interesting lecture from justine kurland tonight at columbia college. one of the last questions she was asked was why she still shoots and prints optically these days. needless to say it sparked quite an intense and drunken discussion later in the night between friends. obviously, its a matter of preference, but in my opinion digital printing is the way to go. not just because its the wave of the future, but because digital printing has a wider gamut of color than optical, and our actual vision has a wider gamut than any man-made reproduction still has.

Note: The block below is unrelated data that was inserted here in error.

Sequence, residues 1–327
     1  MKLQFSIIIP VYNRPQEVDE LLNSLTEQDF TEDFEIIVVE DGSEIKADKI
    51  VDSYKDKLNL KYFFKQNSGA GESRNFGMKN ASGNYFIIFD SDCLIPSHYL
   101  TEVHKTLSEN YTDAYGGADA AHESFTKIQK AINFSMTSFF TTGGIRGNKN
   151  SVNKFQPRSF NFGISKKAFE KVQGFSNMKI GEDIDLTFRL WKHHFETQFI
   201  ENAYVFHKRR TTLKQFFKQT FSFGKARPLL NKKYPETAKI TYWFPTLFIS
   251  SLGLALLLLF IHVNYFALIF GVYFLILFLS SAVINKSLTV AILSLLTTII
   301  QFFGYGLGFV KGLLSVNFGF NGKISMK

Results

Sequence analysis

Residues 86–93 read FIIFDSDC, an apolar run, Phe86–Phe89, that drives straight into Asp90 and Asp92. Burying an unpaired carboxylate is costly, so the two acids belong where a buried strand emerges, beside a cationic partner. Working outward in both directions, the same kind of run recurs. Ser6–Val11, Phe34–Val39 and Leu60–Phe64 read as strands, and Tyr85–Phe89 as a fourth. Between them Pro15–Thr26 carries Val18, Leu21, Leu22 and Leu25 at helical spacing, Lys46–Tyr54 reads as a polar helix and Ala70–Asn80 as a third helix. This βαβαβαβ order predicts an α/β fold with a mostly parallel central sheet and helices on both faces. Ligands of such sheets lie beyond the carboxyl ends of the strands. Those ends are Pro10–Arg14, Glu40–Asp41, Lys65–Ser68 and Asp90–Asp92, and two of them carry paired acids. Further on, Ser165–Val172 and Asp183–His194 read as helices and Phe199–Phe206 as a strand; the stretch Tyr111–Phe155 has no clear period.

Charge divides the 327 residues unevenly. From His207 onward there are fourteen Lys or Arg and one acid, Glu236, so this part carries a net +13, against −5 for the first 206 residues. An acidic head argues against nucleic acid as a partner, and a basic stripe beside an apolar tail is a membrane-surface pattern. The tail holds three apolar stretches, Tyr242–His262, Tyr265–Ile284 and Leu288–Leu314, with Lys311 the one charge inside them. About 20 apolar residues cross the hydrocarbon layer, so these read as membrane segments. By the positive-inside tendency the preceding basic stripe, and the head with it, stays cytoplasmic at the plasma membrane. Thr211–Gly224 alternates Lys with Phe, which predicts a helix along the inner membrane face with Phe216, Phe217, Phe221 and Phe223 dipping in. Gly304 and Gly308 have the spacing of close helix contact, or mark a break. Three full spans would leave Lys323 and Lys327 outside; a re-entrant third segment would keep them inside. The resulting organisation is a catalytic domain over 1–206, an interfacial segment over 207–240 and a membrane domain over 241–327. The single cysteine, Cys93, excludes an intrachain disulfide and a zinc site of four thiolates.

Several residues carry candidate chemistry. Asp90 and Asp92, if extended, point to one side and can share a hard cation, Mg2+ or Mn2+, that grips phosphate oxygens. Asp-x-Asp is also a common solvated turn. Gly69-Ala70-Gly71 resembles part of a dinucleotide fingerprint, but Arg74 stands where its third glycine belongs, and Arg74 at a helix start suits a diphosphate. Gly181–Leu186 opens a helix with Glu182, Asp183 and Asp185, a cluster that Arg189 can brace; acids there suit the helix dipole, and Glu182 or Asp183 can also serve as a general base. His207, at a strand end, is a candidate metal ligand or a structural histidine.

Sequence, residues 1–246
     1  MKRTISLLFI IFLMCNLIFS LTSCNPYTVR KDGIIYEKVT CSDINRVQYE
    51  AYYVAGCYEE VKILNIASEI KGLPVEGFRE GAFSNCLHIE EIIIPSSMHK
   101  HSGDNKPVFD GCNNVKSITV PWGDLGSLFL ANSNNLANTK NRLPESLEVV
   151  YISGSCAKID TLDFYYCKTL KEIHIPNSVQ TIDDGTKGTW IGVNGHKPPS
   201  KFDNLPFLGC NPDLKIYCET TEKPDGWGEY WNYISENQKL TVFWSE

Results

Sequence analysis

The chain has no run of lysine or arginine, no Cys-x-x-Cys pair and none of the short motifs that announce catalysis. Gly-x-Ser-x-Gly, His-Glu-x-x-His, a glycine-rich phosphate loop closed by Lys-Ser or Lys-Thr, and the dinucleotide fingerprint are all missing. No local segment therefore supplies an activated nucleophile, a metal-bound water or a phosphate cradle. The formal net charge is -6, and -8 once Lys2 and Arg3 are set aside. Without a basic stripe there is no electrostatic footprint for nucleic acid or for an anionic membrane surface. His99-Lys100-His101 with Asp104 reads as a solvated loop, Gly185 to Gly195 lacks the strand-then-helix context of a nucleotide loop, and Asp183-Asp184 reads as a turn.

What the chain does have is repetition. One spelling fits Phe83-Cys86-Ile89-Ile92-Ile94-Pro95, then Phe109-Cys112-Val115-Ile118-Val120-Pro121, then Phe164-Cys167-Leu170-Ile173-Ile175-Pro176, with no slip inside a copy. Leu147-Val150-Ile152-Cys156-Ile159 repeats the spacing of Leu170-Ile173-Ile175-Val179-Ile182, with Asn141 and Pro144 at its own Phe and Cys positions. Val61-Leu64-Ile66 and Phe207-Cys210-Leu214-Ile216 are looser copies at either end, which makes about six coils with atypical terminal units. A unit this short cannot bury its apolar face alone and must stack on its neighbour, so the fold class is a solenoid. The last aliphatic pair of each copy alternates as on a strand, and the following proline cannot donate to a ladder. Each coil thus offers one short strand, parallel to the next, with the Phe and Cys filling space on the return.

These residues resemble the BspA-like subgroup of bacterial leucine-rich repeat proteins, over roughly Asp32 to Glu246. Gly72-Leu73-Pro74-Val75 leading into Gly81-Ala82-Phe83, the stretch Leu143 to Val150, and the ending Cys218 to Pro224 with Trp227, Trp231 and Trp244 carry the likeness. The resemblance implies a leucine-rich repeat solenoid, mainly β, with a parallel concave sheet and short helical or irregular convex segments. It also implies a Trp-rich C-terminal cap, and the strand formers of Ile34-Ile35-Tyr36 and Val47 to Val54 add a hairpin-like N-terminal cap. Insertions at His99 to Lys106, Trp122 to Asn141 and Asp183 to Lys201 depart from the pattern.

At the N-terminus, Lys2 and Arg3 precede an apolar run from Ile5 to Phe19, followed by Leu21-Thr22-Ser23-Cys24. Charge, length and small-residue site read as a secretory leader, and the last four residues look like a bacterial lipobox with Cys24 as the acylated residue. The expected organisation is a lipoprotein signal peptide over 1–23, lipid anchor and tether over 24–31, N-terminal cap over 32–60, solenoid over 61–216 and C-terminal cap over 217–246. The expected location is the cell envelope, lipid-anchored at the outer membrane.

the question raised was, why does photography have to reference reality? obviously, the photograph is an art object and a new reality within itself. but still, photography inherently deals with reality. Even in the most modernist photograph, one thing relartes to another thing relates to another because, say, the statue in this photograph has some social connotation that we understand to relate to this couple in the photograph, and their style of dress ultimately speaks to the era of the photograph, which in turm speaks volumes about the context of the photo. what i'm trying to say that even in the most modernist tradition of photography (which i am entirely partial to and starstruck by), there is still a level of social understanding that glues the photo together. why is it do you think that douglas crimp wrote "the postmodern activity of photography." it beautiful really, photography inherently has modernist qualities and postmodern qualities all woven in almost seamlessly. this is why i'll always believe that photography is one of the smartest, most engaging and intriguing mediums of artistic expression to ever have existed.